Before taking the field each week, Raheem Mostert seeks out motivation.
There it is in a list of all the times he’s been cut by NFL teams. Philadelphia, Miami and Baltimore all let Mostert go in 2015. Cleveland, the Jets and Chicago all sent him packing the following year before he finally ended up on San Francisco’s practice squad.
That unlikely path that saw Mostert get cut almost as many times as he was handed the ball his first three seasons somehow has led to the Super Bowl after he posted one of the greatest postseason performances ever by a running back.
“The journey’s been crazy,” Mostert said. “Not everybody can deal with that type of stress and pain and agony that I went through. But like I said, I kept the faith in not only myself but whoever gave me the opportunity.”
The 49ers are the beneficiaries of that as the former skateboarder and surfer has proven to be skilled enough on his own two feet as an NFL running back when he was finally given the chance.
Mostert led the 49ers in rushing this season with 772 yards and provided the signature performance of his career on the big stage of the NFC championship game when he ran for 220 yards and four touchdowns in a 37-20 win over Green Bay on Sunday that sent the Niners to the Super Bowl.
Only Hall of Famer Eric Dickerson has rushed for more yards in a playoff game with 248 for the Rams against Dallas on Jan. 4, 1986.
“He’s been a special teams player for so long because of his speed, I’m just so happy that he’s getting the opportunity to showcase his ability at running back,” tackle Joe Staley said. “The guy works harder than really anybody, and he’s been patient. Never really complained about his role, always just shows up, works hard and this is what happens when you accept your roles on a team, you don’t worry about results, you don’t worry about stats, and then you have a moment like this. He was ready for this the whole season.”
Mostert wasn’t sure this day would ever come. He carried the ball only 43 times his first three seasons in college at Purdue, where he excelled as a kick returner, before getting a little bigger load his final year when he had 93 carries for 529 yards.
That wasn’t nearly enough to get him drafted so he signed as an undrafted free agent with Philadelphia in 2015. He was cut before the season and then signed to the practice squad before being picked up by Miami and spending a month with the Dolphins.
He was then claimed by Baltimore and spent two months there before signing with Cleveland late that season. He spent the entire offseason with the Browns and thought he had made the team when he was on the initial 53-man roster only to get the bad news a day later.
“It just made me stronger,” he said. “I got immune to being cut. I wanted to show the world what I can do. And honestly it was just one of those things where I really had a talk with my wife and I was saying, what do you think should happen after that cut? And she basically said, ‘Hey, if you love your job, if you love this sport, you will do anything for it. And if you love what you do, you would do anything for it.’ And that was my philosophy from here on out.”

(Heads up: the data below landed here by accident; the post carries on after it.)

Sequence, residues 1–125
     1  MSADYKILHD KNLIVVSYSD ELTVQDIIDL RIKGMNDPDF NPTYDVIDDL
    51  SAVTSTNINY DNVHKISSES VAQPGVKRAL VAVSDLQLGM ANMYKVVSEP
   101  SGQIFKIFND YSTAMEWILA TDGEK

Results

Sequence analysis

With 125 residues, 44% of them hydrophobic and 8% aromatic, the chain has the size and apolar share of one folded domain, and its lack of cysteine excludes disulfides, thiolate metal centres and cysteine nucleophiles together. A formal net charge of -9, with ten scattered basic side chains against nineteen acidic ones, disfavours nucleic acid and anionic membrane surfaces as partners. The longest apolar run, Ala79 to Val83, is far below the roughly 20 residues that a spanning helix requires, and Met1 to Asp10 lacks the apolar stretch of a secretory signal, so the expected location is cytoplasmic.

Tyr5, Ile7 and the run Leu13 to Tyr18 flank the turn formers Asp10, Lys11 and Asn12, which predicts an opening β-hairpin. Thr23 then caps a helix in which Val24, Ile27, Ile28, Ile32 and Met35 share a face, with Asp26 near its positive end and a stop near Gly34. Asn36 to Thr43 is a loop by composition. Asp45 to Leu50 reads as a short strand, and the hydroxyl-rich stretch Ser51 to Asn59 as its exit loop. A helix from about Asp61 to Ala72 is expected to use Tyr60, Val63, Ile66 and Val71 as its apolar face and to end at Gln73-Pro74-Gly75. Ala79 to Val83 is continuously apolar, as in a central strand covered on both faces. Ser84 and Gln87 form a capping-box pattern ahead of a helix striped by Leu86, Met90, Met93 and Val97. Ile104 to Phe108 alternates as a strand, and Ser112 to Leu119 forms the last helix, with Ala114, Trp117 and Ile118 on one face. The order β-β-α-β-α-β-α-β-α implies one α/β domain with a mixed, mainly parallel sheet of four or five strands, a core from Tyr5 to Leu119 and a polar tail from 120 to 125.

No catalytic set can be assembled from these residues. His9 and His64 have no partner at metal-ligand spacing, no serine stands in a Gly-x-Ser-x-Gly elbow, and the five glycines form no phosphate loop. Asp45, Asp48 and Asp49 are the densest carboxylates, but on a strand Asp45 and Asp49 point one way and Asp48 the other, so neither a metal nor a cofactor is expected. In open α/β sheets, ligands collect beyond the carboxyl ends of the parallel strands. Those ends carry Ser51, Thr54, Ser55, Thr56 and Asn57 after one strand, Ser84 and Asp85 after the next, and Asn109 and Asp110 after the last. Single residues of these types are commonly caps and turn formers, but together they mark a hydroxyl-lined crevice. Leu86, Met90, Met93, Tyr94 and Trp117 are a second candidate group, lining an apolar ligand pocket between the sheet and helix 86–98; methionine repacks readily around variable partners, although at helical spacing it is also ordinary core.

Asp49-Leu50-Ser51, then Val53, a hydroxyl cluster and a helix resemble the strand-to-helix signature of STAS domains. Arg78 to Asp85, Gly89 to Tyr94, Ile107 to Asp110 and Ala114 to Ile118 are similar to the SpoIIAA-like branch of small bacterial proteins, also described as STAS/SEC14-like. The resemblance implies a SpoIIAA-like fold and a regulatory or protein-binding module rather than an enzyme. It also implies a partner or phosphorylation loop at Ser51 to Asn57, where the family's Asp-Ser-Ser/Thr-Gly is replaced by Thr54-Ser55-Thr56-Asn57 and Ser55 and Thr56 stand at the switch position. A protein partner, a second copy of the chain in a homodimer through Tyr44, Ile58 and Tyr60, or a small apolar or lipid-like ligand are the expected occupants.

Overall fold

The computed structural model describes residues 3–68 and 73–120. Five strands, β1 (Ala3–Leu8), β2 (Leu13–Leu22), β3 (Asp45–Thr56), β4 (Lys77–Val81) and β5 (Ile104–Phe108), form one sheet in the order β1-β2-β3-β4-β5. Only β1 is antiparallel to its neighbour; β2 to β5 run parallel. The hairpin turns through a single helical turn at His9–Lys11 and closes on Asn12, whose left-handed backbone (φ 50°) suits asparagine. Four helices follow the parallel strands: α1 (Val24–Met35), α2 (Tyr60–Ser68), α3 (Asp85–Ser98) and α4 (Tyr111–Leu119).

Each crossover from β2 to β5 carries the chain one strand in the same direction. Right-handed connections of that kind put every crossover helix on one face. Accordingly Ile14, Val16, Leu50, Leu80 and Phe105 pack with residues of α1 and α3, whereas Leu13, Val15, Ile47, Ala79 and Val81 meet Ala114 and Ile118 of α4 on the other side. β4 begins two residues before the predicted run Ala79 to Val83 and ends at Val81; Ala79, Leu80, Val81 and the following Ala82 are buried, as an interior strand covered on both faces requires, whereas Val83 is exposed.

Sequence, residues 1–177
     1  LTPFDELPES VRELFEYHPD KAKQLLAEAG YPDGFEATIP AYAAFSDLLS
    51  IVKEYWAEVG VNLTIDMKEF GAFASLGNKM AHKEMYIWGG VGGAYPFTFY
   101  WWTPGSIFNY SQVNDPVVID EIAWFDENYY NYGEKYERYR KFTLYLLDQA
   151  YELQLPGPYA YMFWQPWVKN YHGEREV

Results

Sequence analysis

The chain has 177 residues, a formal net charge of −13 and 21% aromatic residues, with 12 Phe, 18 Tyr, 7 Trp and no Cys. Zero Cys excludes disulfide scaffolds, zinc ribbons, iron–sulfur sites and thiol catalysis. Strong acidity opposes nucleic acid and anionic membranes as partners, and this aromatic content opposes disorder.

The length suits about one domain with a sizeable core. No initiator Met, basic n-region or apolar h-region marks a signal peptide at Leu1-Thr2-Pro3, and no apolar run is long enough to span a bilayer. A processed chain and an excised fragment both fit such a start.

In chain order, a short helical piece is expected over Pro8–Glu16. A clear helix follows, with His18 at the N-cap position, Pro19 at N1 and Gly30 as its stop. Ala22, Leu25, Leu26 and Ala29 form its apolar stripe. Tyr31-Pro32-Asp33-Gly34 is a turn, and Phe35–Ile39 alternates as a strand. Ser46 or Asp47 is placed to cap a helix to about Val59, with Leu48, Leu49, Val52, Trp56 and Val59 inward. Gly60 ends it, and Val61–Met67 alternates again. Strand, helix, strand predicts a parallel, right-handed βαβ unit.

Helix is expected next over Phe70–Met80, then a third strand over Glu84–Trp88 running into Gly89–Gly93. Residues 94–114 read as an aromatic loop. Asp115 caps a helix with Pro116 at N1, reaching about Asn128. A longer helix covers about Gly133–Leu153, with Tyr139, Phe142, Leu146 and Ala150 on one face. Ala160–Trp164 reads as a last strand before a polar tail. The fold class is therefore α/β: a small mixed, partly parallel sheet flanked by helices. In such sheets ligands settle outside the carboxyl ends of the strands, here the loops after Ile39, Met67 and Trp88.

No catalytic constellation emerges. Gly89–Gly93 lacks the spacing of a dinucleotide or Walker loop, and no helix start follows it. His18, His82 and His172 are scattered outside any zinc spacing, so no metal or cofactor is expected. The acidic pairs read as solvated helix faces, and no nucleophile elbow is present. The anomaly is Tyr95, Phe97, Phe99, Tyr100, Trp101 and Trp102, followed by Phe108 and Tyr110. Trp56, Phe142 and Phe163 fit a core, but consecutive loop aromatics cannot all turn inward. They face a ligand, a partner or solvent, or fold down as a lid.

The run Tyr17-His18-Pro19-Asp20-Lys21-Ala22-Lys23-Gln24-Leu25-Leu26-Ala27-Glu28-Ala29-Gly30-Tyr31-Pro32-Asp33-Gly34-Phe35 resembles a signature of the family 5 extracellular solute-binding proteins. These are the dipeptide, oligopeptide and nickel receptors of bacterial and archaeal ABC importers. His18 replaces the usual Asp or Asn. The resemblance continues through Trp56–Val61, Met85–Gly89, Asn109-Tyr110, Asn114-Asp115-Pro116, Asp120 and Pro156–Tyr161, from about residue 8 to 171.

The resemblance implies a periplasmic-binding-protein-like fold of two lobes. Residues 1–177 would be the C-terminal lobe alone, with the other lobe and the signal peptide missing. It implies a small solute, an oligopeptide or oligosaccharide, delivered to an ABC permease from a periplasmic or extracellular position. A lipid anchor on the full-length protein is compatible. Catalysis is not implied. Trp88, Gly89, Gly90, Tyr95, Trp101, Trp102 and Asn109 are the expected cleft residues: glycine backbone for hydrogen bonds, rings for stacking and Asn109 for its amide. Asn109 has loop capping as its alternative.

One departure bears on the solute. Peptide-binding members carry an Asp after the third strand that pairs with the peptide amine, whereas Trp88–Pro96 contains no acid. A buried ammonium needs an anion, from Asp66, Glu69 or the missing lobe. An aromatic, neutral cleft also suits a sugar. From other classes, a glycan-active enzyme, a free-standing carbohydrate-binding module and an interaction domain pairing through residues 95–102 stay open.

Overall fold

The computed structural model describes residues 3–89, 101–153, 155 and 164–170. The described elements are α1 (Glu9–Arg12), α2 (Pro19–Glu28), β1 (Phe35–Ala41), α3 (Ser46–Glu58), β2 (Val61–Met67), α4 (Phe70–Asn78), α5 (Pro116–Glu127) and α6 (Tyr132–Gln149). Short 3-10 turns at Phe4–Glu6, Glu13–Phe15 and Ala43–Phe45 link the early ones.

Mostert bounced around that season before ending up with the Niners when coach Chip Kelly, who initially signed Mostert in 2015 in Philadelphia, gave him another shot.
Mostert played one game late that season and got his first career carry before he had to impress a new staff when Kyle Shanahan took over the following year.
Mostert is the only skill position player still on the Niners who was here when Shanahan arrived as he proved indispensable as a special teams standout and then slowly carved out a bigger role.
He had a handful of carries his first year under Shanahan as he adjusted from playing mostly out of the shotgun to the outside zone running scheme utilized by the Niners.
The coaching staff realized Mostert’s blazing speed could be an asset in that one cut and go system. He ran for 250 yards in a four-game stretch before breaking his arm midway through last season against the Raiders.
He came into this season fourth on the depth chart at running back before finally starting to get the bulk of the carries in December, starting with a 146-yard game at Baltimore.
“Whether it’s special teams or offense, the way he hits the hole, he gets so vertical so fast,” tight end George Kittle said. “I think defenses, they underestimate his speed. You can just see it. He’ll hit a hole and the guy will take what he thinks is a good angle. And, next thing you know, he’s by him. Doesn’t even touch him. And, his 0 to 60 is literally in two steps and it’s so special, especially with our offense. The way we do outside zone, inside zone, he can make one cut and get vertical. It’s all we need.”
While Mostert has become the featured back, he hasn’t forgotten his special teams roots. He still gets extensive time on coverage units and his speed as a gunner helped cause a muffed punt in a divisional round playoff win over Minnesota.
Special teams mean so much to Mostert that he even named his son, Gunnar, after his role on punt coverage. That’s something he doesn’t want to give up.
“It hasn’t crossed my mind because I’m still that team guy,” he said. “I love playing special teams. I don’t take it for granted because that’s where I started. That’s where I made my name and made my mark.”
Now Mostert is making an even bigger mark in his new role.